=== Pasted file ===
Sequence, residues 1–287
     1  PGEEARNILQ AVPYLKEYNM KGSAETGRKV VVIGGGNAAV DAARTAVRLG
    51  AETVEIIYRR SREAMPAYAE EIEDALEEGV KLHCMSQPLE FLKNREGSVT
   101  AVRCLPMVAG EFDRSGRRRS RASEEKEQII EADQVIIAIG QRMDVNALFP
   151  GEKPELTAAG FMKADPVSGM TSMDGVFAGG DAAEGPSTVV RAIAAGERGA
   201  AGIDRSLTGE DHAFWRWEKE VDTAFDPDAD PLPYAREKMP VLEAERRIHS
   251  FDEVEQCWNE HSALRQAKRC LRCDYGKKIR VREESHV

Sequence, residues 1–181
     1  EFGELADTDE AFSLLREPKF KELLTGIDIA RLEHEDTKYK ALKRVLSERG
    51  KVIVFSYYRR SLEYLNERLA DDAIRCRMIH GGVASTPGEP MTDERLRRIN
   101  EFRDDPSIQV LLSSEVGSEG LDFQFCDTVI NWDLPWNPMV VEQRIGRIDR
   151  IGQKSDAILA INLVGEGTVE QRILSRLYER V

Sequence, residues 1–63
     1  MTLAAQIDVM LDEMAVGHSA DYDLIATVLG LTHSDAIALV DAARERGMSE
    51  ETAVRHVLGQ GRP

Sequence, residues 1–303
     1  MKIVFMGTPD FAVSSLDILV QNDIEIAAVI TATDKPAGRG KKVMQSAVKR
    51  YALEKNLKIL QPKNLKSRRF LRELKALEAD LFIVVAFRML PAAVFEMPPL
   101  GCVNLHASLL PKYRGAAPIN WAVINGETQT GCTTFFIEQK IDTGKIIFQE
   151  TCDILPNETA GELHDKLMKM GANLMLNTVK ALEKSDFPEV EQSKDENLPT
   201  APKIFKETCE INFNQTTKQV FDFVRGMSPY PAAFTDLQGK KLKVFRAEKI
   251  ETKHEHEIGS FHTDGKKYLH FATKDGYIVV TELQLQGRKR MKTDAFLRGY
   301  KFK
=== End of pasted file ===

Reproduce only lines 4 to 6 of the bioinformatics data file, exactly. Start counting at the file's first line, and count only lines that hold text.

   101  AVRCLPMVAG EFDRSGRRRS RASEEKEQII EADQVIIAIG QRMDVNALFP
   151  GEKPELTAAG FMKADPVSGM TSMDGVFAGG DAAEGPSTVV RAIAAGERGA
   201  AGIDRSLTGE DHAFWRWEKE VDTAFDPDAD PLPYAREKMP VLEAERRIHS